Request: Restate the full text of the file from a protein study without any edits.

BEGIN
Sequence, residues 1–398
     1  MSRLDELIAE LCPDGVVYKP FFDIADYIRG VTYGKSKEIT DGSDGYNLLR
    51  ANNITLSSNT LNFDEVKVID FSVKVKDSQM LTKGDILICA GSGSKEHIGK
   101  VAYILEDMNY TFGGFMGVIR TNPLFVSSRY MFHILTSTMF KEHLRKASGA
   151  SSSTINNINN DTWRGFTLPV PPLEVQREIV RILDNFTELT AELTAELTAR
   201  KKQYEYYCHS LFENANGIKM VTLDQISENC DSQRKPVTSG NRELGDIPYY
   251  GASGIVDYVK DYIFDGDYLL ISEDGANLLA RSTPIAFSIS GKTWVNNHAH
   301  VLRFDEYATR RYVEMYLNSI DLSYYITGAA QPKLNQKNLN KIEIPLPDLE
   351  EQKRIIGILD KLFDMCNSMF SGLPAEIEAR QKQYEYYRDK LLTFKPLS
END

Sequence, residues 1–398
     1  MSRLDELIAE LCPDGVVYKP FFDIADYIRG VTYGKSKEIT DGSDGYNLLR
    51  ANNITLSSNT LNFDEVKVID FSVKVKDSQM LTKGDILICA GSGSKEHIGK
   101  VAYILEDMNY TFGGFMGVIR TNPLFVSSRY MFHILTSTMF KEHLRKASGA
   151  SSSTINNINN DTWRGFTLPV PPLEVQREIV RILDNFTELT AELTAELTAR
   201  KKQYEYYCHS LFENANGIKM VTLDQISENC DSQRKPVTSG NRELGDIPYY
   251  GASGIVDYVK DYIFDGDYLL ISEDGANLLA RSTPIAFSIS GKTWVNNHAH
   301  VLRFDEYATR RYVEMYLNSI DLSYYITGAA QPKLNQKNLN KIEIPLPDLE
   351  EQKRIIGILD KLFDMCNSMF SGLPAEIEAR QKQYEYYRDK LLTFKPLS